So. Goofy. (Or, as it’s officially known, the Walt Disney World Goofy’s Race and a Half Challenge.)
First, let me say up front that if it weren’t for R___, I’d never, ever have done this event. Up until now, I ran races for the following reasons: 1) Trying to PR; 2) As part of training for a PR; 3) To support a teammate; 4) To earn points for Gotham City Runners. Running a race—never mind a marathon—simply for “the experience,” simply hasn’t been on my agenda.
However, one morning back in April 2015, R___ texted me the following:
R: Hey, so I think I’m going to sign up for the Goofy Challenge.
R: Yeah people are talking about it at work. I think I’m going to do it.
Me: You know that’s a half AND a full marathon.
R: Yeah. Registration opens at noon.
Me: When is the race?
R: January. And then we can go to Disney and stuff.
Me: Well . . . ok. I guess if I’m going, I’ll do it too.
And that was that. Four hundred dollars later, I was signed up to run 39.3 miles the weekend before my 30th birthday.
From the outset, I knew I wasn’t going to race both the half and the full back-to-back. Therefore, when it came time to start thinking about training, I needed to decide: did I want to focus on racing the half marathon or the full?
The half was scheduled first (Saturday) and the marathon second (Sunday), so ultimately I decided that I’d give Saturday my all and then just hope to finish the full without falling apart. Knowing how sore I typically feel the day after racing a half marathon, I was a tad worried; I just hoped that since my coach has previously trained the charity team for the Dopey Challenge (which consists of a 5k, 10k, and then the Goofy Challenge) and has run the races several times, he’d know how to train me.
I should not have worried.
Here’s how the morning of the half marathon went:
2am wakeup. Get dressed and grab pre-packed breakfast, gear bag, and fiancé; out the door by 2:30.
3am arrival at Epcot parking lot. Set alarm, lay back driver’s seat, and sleep until 3:45am.
Blink through eye drops to revive super-dry contacts. Gather gear and head to the “athlete village.” Stop along the way so R___ can buy a $2.75 paper cup of coffee. Debate about wearing my throwaway shirt to the starting line or packing it in my gear bag for tomorrow. Take shirt off. Put shirt on. Pose for cameraman but then realize that my bib number isn’t showing. Take shirt off. Watch cameraman walk away to take pictures of runners dressed as the seven dwarves. Put shirt back on. Check gear bag and meet back up with R___ to discuss post-race meeting spot.
Start mile-long walk to starting corrals. Try not to feel frustrated that I can’t use this distance to warm up; there are just too many people wearing too many costumes to do anything resembling running.
Bid fiancé farewell so he can head off to corral J. Turn in the other direction and head to corral A.
Start warming up. Use porta potties. Continue warming up. Stand in growing porta potty lines a second time, just for good measure. Then stretch and check watch about a hundred times.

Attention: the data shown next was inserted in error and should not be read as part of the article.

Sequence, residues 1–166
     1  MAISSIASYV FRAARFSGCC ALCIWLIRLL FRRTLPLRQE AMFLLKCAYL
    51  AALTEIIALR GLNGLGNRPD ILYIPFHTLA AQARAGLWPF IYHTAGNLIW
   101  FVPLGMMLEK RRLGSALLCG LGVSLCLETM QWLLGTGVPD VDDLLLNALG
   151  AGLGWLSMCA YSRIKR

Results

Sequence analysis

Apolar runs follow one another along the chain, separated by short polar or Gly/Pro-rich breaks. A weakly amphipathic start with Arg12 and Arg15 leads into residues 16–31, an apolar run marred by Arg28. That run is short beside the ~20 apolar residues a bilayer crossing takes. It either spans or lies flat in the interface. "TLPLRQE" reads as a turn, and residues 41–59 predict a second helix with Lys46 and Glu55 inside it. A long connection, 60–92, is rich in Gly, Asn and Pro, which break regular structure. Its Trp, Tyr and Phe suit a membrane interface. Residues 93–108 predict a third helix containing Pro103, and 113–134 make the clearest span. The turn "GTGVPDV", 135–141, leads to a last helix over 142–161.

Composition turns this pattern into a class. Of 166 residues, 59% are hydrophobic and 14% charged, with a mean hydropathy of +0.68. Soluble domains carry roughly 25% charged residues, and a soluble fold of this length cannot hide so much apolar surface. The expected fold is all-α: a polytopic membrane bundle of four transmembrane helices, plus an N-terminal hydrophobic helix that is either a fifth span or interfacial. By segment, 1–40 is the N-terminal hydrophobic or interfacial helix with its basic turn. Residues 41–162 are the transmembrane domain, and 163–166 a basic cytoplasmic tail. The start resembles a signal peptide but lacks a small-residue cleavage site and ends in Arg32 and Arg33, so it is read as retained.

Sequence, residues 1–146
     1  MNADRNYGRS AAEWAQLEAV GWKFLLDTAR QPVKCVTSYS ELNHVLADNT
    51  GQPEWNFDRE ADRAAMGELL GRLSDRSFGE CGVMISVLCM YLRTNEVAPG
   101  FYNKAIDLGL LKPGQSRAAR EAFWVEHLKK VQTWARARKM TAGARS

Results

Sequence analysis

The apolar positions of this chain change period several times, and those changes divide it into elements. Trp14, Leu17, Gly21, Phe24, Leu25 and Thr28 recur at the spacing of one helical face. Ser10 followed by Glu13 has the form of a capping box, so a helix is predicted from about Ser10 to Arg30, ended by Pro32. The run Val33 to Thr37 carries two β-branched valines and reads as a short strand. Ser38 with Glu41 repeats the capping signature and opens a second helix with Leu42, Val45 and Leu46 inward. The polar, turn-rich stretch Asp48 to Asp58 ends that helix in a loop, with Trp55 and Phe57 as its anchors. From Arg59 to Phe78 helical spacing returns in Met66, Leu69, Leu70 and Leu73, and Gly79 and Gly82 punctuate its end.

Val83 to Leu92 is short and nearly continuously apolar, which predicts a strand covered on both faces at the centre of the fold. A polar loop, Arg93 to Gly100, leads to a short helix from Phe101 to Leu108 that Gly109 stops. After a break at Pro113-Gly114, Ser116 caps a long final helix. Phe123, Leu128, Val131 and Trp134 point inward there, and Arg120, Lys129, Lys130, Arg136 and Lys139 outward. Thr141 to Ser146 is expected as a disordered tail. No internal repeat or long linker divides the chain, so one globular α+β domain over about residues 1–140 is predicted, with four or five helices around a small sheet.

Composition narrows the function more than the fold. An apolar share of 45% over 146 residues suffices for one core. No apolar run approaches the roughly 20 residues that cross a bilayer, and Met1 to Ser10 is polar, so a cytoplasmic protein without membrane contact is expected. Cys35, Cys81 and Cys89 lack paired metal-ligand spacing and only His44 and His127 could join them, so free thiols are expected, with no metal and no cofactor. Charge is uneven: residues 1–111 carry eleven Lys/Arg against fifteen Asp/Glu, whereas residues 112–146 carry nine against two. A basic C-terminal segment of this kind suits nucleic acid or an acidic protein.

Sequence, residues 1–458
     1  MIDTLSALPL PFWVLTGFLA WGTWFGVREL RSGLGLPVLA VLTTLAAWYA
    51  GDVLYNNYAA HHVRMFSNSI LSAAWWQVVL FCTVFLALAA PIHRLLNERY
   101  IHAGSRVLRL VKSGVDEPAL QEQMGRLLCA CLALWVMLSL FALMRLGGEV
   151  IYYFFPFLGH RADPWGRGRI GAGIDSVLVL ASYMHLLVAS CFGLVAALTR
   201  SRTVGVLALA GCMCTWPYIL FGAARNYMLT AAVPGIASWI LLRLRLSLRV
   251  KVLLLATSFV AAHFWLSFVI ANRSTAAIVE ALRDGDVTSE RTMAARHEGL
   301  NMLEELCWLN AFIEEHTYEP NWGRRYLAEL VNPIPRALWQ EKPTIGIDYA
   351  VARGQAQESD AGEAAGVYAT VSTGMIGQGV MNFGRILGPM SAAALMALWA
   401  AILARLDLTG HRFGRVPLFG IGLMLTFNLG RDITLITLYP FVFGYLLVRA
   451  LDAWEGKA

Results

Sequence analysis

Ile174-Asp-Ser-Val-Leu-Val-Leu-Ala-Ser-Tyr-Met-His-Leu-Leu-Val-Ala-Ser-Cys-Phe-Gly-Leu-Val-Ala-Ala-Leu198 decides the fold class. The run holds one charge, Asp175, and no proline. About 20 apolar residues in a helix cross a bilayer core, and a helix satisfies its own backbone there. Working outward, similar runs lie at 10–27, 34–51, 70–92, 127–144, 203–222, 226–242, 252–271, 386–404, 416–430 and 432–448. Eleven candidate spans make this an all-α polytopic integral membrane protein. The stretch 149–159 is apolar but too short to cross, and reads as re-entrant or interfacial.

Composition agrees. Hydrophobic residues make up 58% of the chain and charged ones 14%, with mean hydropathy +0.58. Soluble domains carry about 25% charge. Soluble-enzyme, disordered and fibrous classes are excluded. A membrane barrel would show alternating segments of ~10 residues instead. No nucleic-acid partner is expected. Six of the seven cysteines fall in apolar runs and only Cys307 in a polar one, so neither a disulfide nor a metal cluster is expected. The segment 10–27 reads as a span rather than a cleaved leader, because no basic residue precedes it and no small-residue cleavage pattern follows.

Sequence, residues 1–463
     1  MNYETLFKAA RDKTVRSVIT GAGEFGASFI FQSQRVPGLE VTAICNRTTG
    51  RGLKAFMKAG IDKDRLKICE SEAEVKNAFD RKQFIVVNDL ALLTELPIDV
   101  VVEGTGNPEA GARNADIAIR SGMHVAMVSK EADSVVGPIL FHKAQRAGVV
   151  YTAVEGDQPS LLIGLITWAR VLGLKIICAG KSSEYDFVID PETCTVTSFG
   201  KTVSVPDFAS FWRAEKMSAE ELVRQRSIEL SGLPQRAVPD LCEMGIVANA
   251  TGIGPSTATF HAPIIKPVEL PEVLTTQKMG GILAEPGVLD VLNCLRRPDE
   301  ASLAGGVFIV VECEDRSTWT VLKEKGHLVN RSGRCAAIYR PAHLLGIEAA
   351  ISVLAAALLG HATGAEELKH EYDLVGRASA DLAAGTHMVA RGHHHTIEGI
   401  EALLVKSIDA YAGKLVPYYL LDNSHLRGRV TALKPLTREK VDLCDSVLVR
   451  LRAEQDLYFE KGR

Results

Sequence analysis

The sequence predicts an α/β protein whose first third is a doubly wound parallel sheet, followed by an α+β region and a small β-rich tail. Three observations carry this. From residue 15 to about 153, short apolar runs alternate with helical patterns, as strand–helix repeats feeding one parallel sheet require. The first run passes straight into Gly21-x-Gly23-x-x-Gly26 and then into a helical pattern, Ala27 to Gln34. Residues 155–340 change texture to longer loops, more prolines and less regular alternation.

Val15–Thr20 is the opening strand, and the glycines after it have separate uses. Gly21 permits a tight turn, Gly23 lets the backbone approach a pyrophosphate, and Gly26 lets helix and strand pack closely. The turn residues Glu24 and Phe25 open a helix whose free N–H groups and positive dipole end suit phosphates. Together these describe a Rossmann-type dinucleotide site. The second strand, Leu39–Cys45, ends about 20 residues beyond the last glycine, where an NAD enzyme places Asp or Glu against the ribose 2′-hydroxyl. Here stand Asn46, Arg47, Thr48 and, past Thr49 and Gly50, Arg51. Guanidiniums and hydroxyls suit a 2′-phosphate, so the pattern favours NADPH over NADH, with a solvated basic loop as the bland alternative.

Squeeze awkwardly into the front corral, wondering yet again whether I belong here.
Watch Micky, Goofy, and Donald count down to the start of the race. Fireworks go off. Race begins.
I went out around 6:20 for those first miles, and it didn’t feel easy. My coach had told me that, if possible, I should try to bank time on the highways, because the parks were full of quick turns and slippery painted pavement. The first miles of the race were out on a long, straight highway, yet here I was, running slower than the average I would need to maintain to PR. At the same time, I didn’t want to go out too fast and dehydrate and die . . . but how was I going to do this if it already felt so hard?
Somewhere between miles two and three, I came upon a woman in a Lululemon outfit. (That’s really all I remember about her, because I was so wrapped up in my own brain.)
“How’s it going?” she asked as I pulled up alongside her.
“I don’t know,” I told her honestly.
“Well, you look good,” she responded, “and we’re pretty close to the front. I think there are only four or five women ahead of us.”
“Really.” Four or five??!! How was that even possible? We hadn't even gone out very fast!
She told me she was “just doing this as a training run” and to go on ahead, so ultimately, that’s what I did.
A few miles later, I was a little bit more “on pace.” Part of me felt excited, because if that woman was right, I was somewhere around third or fourth woman, but at the same time, I was feeling no better, physically, about the race. We went through the Magic Kingdom, and it wasn’t as slippery as I had feared, but I also hadn’t banked much time on the highways, and my legs weren’t feeling very peppy, so it was going to be a close call to PR. Then, I came upon a girl in a crop top. I crept up gradually, and the closer I got, the more fit I could see she was. Tan, muscular, very well controlled form. When I pulled up beside her, I could see that she clearly had her race face on.